Press

Published articles featuring Anna and Bonnie.

What are the key factors when analysing my business?

The beauty industry is growing at an extremely fast rate and becoming more challenging every year. Therefore, it is crucial to find out what is working and what is not working in salons and spas.

Analysing your business is vital and here are some key pointers to ensure you are operating at optimum efficiency. Make sure you choose the right software to give you all the accurate information you need.

The two key performance indicators to analyse constantly are your wage percentage and management of white space.

The key to managing your wage percentage is to ensure your therapists are working on as high revenue treatments as possible. Of course, there is always going to be a mix of treatments in your offering to clients but getting this mix right is vital to keep your wage percentage at a level that will ensure profitability at the end of the day. Analysis of your wage percentage every week is essential and will show quite clearly if you have your therapists working on the right mix of treatments.

It is so important to have a senior member of your team managing white space every day. This will enable you to clearly see how your days and weeks are mapping out and to react accordingly to fill the diary as quickly as possible. Full diaries are happy days!

Other key areas of your business to analyse are re-booking rates, retail sale percentage v treatment revenue, and how many new clients are you attracting?

Professional Beauty Magazine  – Ask The Experts

How should I prioritise clients’ bookings when I reopen?

Covid-19 has shut down beauty salons and spas across the UK for more than 14 weeks now, but every day we are getting closer to re-opening, and, fingers crossed, expecting huge demand for beauty appointments.

So, if that huge demand does materialise, who do you ensure gets the first appointments? Loyalty comes first. A great deal of thought needs to be given to who you prioritise, but top of the list should be your loyal/VIP clients. If you have a loyalty scheme it will be clear who those clients are, and if you do not, get your team together to make a list of your most loyal clients. They will be the people who have supported you regularly for a number of years.

A call from the salon owner or manager to the client will help to cement your relationship, and of course make the client feel special. Secondly, it will be important to create a priority booking list, which is a fair way to allocate time to clients. Clients who were booked in before lockdown, and were consequently unable to have their treatments, should be contacted and given the opportunity to make an appointment as a priority.

Some consideration should also be given to trying to book higher-revenue treatments and upselling so that when your salon does re-open you can maximise profitability as soon as possible. Finally, the rotas for your team will have taken a great deal of time to organise because of the need to ensure that the salon is operating safely. Emphasise to clients that it is a desire to protect them and your teams that has led to limited availability in the early stages of reopening.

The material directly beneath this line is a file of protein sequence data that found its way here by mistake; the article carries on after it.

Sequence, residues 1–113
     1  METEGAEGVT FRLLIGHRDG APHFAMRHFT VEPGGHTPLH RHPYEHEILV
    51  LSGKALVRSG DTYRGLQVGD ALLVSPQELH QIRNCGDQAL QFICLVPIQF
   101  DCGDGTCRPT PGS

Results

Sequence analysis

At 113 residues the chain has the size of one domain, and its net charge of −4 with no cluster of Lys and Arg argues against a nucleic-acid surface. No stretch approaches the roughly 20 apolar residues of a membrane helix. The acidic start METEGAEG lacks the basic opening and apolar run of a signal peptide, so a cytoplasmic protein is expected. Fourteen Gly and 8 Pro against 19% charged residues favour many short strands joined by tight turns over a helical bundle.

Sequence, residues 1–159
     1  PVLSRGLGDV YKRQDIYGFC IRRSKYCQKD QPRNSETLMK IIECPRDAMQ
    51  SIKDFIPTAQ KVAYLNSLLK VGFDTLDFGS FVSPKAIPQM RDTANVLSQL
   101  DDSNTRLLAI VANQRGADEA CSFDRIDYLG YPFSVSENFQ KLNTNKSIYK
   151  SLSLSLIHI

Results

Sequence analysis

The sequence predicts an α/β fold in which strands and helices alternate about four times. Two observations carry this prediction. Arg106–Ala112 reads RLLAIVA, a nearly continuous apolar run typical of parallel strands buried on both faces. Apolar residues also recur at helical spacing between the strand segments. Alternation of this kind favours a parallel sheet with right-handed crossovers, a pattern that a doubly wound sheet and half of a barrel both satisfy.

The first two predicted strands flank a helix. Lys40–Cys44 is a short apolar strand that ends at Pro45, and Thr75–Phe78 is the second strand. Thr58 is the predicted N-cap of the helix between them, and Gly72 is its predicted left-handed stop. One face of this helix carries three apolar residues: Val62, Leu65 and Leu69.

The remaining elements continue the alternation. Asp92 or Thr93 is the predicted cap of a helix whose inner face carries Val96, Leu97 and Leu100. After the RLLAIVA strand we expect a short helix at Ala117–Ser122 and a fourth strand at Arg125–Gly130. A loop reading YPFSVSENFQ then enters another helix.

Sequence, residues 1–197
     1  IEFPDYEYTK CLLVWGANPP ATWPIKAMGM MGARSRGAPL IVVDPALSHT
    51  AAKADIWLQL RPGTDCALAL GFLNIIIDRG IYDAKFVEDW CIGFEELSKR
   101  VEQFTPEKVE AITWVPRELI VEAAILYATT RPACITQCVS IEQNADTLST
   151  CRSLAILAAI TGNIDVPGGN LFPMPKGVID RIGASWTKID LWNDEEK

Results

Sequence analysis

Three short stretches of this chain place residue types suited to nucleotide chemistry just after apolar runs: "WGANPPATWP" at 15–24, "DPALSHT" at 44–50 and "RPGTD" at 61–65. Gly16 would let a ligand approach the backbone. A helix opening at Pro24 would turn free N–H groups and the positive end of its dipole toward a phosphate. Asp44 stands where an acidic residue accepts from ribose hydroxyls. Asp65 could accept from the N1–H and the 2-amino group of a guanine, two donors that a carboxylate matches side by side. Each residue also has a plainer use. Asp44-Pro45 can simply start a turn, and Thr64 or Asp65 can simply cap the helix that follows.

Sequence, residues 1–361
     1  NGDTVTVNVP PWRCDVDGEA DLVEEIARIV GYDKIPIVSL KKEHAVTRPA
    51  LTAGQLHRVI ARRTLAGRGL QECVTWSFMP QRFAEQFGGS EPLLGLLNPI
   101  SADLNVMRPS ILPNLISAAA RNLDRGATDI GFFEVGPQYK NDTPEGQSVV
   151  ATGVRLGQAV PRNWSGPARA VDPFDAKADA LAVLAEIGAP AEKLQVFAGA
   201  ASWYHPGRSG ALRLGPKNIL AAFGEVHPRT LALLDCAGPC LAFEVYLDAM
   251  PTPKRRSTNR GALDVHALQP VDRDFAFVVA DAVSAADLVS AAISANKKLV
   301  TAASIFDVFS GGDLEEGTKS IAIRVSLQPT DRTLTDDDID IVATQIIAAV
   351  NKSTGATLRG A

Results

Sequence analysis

“Once you know your ideal client you will be in a much better position to sell your services and see your business flourish.”

Professional Beauty Magazine  – Ask The Experts

What research do I need to undertake to determine my ideal client and better reach them?

“Covid-19 has shut down beauty salons and spas across the UK for more than 14 weeks now, but every day we are getting closer to re-opening, and, fingers crossed, expecting huge demand for beauty appointments.
So, if that huge demand does materialise, who do you ensure gets the first appointments? Loyalty comes first. A great deal of thought needs to be given to who you prioritise, but top of the list should be your loyal/VIP clients. If you have a loyalty scheme it will be clear who those clients are, and if you do not, get your team together to make a list of your most loyal clients. They will be the people who have supported you regularly for a number of years.

A call from the salon owner or manager to the client will help to cement your relationship, and of course make the client feel special. Secondly, it will be important to create a priority booking list, which is a fair way to allocate time to clients. Clients who were booked in before lockdown, and were consequently unable to have their treatments, should be contacted and given the opportunity to make an appointment as a priority.

Some consideration should also be given to trying to book higher-revenue treatments and upselling so that when your salon does re-open you can maximise profitability as soon as possible. Finally, the rotas for your team will have taken a great deal of time to organise because of the need to ensure that the salon is operating safely. Emphasise to clients that it is a desire to protect them and your teams that has led to limited availability in the early stages of reopening.”

Professional Beauty Magazine  – Ask The Experts